India News

Five Takeaways From Facebook’s Controversy on Fake News and Hate Speech in India

Facebook has been embroiled in controversy for its failure to curb hate speech and misinformation across the world. The social media giant has allowed anti-Muslim propaganda to spread India, its largest largest market with over 340 million users despite being made aware of its impact through internal research.


Leaked documents acquired by a consortium of American publications, detail accounts of several instances of Facebook employees flagging-off malcontent on its platform while the executives in higher positions chose to keep silent.

Earlier this month, Facebook came in the eye of a storm after a former employee, Frances Haugen, shared leaked documents with the Wall Street Journal and filed a complaint with the Securities and Exchange Commission in September, alleging that Facebook prioritized monetary benefits over user safety through its family of apps, including Instagram and Whatsapp.

A second whistleblower, and former employee with Facebook’s Intergrity team, recently came out with additional evidence that supplemented Haugen’s allegations, and verified them. They said that the company turned a blind eye towards misinformation and hate speech as it did not want to upset former United States of America President Donald Trump.

Silverscreen India bring to you five takeaways from Facebook’s scandal in India:

Facebook aided the ruling party’s propaganda

Much of the material circulated around Facebook groups, promoted Rashtriya Swayamsevak Sangh (RSS), the parent organization of the Bharatiya Janata Party (BJP), and its anti-Muslim propaganda.

The leaked documents, majorly internal researches conducted by Facebook employees, detailed incidents such as the riots that followed the anti-CAA (Citizenship Amendment Act) protests in Shaheen Bagh in Delhi. It was an outcome of a video uploaded and shared by BJP leader Kapil Mishra, in February 2020. He called on his supporters to remove mostly Muslim protesters who were launching protests against thr act from an area in New Delhi.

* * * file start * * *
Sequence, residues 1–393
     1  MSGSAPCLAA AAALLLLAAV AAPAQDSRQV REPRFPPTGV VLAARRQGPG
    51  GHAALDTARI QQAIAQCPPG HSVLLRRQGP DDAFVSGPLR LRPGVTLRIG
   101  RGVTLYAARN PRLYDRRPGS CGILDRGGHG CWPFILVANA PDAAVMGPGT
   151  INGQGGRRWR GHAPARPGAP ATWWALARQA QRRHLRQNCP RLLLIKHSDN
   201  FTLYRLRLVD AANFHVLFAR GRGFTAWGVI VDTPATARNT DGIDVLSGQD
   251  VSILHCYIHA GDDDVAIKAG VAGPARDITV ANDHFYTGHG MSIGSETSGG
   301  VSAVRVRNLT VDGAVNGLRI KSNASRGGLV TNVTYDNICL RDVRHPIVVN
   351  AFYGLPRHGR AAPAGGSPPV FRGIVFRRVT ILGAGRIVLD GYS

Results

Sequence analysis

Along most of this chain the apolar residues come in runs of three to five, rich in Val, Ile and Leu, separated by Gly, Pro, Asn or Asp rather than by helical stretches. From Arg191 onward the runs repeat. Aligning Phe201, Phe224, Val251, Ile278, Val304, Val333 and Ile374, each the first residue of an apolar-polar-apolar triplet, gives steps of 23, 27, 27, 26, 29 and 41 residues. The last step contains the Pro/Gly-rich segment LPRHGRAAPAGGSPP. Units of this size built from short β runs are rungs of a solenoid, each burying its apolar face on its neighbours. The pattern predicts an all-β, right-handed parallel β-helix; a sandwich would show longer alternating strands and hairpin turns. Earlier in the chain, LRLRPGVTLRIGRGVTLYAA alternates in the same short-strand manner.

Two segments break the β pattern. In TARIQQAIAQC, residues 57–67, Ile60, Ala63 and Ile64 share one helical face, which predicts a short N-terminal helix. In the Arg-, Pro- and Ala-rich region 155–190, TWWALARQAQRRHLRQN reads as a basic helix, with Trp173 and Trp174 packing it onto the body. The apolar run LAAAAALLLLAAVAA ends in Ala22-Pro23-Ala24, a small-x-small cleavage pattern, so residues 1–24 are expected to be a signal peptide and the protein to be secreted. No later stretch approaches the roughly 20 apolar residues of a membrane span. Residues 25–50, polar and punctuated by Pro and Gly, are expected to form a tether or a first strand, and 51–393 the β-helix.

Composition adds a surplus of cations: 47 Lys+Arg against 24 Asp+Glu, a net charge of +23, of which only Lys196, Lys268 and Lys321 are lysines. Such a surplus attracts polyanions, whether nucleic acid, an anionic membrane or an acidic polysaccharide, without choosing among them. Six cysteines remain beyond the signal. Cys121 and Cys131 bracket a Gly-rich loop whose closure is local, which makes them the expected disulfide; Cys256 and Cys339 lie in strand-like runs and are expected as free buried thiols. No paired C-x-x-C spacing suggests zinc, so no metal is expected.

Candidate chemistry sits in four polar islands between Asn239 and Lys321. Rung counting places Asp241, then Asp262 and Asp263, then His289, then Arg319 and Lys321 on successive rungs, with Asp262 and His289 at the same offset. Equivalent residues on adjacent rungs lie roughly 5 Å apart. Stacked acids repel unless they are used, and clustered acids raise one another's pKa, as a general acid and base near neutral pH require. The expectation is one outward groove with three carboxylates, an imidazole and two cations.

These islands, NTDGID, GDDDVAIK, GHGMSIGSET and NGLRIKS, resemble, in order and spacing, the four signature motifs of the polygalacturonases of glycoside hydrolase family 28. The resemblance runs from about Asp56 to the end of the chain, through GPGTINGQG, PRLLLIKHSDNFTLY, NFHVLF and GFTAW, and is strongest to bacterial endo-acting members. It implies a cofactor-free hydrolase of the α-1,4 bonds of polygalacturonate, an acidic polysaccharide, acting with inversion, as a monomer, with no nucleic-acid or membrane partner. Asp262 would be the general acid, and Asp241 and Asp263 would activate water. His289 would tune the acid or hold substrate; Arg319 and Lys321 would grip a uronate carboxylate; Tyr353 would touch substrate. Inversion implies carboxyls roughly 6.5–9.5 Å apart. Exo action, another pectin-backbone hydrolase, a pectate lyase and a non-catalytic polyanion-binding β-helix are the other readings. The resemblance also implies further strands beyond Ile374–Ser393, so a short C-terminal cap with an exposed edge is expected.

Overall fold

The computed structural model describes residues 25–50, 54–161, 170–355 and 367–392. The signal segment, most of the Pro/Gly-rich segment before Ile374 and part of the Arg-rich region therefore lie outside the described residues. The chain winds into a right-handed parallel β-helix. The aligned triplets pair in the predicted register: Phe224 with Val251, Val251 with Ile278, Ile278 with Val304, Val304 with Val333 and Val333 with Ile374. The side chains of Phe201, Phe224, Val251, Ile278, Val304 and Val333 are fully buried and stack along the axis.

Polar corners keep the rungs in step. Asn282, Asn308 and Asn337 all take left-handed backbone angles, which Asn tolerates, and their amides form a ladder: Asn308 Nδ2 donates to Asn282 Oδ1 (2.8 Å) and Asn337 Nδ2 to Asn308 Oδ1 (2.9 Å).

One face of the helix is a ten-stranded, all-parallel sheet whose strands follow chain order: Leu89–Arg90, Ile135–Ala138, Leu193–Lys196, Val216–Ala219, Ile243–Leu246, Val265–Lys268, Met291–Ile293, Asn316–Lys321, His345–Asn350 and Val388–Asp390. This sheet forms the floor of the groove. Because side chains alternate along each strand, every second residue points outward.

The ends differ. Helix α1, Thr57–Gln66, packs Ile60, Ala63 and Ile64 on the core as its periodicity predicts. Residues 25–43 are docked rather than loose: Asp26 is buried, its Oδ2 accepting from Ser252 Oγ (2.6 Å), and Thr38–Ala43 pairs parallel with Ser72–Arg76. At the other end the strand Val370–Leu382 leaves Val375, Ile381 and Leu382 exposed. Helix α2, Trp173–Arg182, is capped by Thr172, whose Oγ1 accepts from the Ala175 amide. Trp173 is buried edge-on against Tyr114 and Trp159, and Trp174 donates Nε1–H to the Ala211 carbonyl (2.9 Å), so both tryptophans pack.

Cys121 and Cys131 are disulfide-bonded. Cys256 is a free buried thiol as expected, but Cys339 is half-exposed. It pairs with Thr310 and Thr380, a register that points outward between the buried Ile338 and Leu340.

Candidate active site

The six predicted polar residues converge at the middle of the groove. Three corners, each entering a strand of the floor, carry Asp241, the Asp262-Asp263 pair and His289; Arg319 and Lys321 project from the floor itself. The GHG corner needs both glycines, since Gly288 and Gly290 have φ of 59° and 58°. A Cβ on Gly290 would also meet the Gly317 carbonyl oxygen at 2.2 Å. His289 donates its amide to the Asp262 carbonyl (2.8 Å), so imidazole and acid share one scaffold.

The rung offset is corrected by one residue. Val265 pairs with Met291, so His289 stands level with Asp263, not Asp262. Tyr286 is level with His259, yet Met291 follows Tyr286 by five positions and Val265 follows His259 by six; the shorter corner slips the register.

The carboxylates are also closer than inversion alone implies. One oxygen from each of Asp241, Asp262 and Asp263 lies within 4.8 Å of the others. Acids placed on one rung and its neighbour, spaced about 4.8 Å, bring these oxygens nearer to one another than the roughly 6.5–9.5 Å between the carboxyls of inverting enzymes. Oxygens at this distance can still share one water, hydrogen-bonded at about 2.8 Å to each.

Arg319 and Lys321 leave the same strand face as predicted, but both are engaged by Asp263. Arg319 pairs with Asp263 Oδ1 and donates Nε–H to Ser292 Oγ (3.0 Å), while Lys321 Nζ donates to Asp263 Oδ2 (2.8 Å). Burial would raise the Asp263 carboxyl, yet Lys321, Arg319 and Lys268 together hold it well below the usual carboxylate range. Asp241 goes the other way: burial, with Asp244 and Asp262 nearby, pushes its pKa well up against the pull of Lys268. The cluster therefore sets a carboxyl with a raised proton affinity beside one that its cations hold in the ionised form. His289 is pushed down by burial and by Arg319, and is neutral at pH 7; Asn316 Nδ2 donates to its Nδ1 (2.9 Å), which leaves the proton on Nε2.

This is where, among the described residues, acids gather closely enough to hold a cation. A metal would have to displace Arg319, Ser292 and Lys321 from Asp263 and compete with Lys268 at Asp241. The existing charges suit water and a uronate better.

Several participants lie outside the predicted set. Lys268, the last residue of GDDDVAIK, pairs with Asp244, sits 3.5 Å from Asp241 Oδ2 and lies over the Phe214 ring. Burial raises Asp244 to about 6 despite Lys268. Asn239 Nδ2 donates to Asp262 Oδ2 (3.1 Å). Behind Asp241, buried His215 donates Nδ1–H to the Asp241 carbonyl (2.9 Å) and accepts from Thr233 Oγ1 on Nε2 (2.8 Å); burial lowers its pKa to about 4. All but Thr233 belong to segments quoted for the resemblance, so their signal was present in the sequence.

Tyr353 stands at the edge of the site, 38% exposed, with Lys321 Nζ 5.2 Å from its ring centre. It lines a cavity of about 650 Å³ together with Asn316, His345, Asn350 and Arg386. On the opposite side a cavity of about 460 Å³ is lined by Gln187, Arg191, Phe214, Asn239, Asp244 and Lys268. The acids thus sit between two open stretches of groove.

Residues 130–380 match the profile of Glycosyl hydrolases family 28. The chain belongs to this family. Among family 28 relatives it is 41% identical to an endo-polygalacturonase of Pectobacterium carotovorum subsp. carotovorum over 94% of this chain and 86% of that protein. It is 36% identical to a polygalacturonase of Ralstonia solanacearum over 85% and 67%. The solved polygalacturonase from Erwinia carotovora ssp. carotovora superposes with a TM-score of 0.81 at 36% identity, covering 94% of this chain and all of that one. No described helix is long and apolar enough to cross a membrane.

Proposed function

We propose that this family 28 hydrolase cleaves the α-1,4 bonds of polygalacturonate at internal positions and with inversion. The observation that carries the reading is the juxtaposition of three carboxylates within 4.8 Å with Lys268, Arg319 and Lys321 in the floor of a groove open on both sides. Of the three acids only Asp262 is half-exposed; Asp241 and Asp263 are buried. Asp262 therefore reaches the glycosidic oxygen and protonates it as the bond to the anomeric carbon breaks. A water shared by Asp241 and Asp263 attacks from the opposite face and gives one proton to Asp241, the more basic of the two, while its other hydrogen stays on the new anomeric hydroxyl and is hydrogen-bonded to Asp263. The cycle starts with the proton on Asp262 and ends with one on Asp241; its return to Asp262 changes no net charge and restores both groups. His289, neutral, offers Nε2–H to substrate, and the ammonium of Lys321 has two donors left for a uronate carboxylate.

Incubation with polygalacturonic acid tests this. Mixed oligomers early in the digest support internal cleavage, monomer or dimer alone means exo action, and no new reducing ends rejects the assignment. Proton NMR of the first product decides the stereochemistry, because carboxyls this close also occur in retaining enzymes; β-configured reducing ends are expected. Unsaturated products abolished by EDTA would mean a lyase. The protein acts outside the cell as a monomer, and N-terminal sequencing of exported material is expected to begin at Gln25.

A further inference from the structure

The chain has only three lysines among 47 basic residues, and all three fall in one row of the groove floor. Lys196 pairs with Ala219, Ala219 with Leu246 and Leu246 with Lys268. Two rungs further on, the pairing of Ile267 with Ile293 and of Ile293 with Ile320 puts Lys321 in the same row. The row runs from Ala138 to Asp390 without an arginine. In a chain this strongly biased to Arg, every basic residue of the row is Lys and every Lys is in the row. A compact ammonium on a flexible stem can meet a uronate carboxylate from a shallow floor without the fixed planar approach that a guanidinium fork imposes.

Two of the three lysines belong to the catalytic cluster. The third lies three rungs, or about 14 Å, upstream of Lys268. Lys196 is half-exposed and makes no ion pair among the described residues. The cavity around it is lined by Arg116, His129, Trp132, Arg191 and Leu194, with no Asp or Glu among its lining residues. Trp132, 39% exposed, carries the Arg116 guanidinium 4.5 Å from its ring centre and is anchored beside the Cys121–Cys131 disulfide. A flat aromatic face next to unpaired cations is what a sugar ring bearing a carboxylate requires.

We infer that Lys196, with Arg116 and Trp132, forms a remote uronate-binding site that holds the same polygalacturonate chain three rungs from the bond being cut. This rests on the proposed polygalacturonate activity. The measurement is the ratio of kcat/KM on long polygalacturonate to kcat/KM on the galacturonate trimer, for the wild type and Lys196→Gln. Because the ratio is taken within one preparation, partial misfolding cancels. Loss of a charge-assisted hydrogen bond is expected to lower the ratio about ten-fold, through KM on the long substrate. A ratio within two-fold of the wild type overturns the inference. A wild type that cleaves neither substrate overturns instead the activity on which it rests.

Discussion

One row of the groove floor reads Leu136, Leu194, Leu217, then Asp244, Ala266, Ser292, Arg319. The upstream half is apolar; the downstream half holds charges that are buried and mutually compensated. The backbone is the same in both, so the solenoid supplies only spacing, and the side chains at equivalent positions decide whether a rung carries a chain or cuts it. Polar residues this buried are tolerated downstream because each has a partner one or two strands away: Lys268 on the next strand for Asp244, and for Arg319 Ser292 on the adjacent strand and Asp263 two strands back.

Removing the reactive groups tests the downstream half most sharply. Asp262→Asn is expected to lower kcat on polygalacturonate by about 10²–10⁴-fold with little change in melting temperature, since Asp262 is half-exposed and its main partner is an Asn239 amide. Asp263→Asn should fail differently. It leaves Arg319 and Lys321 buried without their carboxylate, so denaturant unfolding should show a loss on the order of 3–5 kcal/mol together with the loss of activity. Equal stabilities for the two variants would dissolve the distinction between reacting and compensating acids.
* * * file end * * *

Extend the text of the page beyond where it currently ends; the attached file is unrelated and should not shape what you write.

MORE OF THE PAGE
Consequently, a violent clash ensued in portions of North-East Delhi between pro-CAA and anti-CAA groups resulting in the death of 53 people, majority of which were Muslims. Only after thousands of views and shares did Facebook remove the video.

Other such instances of organized violence that targeted the Muslims include online campaigns against “Love Jihad”- the Hindu extremist theory that Muslim members use interfaith marriages as a means to convert Hindu women. Calls for separating interfaith couples were taken down only after several hundred shares.


Misinformation peaked ahead of the 2019 general elections

According to the internal reports, several Facebook employees travelled to India and conducted studies in the run-up to the 2019 general elections. A test titled “An Indian Test User’s Descent into a Sea of Polarizing, Nationalistic Messages” had an employee create an account to specifically join Facebook-recommended pages and content.

Active for a period of three weeks, the test ran parallel to the Pulwama attacks that had killed over 40 Indian soldiers in India-occupied-Kashmir, on February 14. What followed, was a “near constant barrage of polarizing nationalist content, misinformation, and violence and gore,” the employee said in a company memo.

In addition to this, Facebook witnessed a spike in fake accounts, or bots, linked to various political groups, an observation that did not make it to the company’s internal report Indian Election Case Study, just like other issues such as voter suppression.